PBS Exposes the Joy of Transit

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NOW host David Brancaccio does an interview on the LA Metro. Click through for the full video.

The latest episode of NOW
is surely the most effective takedown of car-dependent planning ever
broadcast in news magazine format. Adhering to the familiar contours of
pocketbook journalism, "Driven to Despair" starts with a sympathetic
portrayal of the Schleighs, a family who moved to a southern California
exurb seven years ago. With their adjustable rate mortgage about to
reset and gas prices already busting the family budget, they need a way
out.

What follows can be fairly described as a 25-minute ode to the time- and money-saving benefits of transit, complete with a brief history of the Los Angeles streetcar system and a rueful suggestion that the Presidential candidates should address transportation more forcefully.

Watching
the Schleighs and their neighbors react to the idea of riding a train
to work — sneering, in one case — it’s all too apparent why someone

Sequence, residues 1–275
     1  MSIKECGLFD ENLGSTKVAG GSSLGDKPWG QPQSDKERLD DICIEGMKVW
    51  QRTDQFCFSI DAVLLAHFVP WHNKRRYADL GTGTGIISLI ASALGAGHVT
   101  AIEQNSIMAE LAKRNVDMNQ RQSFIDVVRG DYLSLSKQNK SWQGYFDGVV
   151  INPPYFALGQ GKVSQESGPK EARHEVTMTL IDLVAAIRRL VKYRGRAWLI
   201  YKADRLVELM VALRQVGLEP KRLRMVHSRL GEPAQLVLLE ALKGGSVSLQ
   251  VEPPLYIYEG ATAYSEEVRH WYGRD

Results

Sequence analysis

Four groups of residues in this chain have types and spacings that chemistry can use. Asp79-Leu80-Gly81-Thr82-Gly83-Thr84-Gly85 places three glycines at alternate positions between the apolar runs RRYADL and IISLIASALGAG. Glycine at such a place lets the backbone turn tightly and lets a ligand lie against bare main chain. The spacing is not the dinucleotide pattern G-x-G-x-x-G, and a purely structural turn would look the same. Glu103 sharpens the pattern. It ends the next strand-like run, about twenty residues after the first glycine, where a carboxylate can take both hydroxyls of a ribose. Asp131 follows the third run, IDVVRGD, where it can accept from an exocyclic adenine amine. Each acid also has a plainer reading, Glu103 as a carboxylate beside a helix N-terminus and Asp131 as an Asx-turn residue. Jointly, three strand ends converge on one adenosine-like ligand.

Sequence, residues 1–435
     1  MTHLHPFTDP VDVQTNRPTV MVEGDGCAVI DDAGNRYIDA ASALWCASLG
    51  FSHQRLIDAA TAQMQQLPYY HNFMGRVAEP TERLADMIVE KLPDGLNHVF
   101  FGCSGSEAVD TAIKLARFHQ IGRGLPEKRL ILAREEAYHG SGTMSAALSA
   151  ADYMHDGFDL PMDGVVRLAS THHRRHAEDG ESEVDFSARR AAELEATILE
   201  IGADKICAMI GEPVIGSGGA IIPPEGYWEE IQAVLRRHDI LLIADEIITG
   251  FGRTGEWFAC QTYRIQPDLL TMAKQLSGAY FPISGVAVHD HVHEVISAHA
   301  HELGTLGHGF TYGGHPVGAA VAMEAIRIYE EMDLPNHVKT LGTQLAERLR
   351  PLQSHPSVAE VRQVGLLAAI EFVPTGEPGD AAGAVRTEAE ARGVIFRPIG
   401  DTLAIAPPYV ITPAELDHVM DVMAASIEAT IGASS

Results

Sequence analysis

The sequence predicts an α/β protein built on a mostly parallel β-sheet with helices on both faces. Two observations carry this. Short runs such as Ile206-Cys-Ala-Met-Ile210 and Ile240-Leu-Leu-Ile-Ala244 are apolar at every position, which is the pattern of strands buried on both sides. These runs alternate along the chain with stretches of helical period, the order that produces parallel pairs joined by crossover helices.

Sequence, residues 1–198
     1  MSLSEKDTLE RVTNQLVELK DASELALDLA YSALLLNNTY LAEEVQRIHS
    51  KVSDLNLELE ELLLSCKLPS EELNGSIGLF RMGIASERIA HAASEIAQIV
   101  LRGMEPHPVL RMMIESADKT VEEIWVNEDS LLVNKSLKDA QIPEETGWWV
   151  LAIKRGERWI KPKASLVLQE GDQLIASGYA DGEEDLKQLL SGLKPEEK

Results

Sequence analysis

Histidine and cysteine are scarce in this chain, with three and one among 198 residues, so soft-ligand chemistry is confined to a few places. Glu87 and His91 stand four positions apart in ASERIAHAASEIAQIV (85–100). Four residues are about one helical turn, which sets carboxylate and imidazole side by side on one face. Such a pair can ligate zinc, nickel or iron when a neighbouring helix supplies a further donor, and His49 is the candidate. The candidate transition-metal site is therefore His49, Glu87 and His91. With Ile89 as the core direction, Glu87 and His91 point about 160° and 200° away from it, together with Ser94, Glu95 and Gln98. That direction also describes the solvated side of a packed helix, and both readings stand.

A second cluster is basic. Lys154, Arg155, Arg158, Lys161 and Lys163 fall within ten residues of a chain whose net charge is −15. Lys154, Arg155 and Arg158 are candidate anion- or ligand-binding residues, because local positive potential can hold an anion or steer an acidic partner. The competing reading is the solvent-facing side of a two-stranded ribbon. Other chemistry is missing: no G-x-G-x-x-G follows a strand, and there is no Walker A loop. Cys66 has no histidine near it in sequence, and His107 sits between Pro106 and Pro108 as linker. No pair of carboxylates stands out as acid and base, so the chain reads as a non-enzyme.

running for national office would skirt the issue. But you also realize
that if a national pol were to finally go out on that limb, he or she
may find voters more receptive to the idea of better trains and buses
than feared.

"Driven to Despair" will be re-broadcast on
PBS all this week. It’s the first part in a
NOW series on infrastructure called "Blueprint America."

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Insert new question here. We’ve noted throughout this election season that transportation policy is something of a third rail in presidential politics. Gas prices and auto industry jobs are irresistible fodder for campaign promises, but even the candidate who has decent ideas about rail travel and bike infrastructure doesn’t mention transit on the stump. (The […]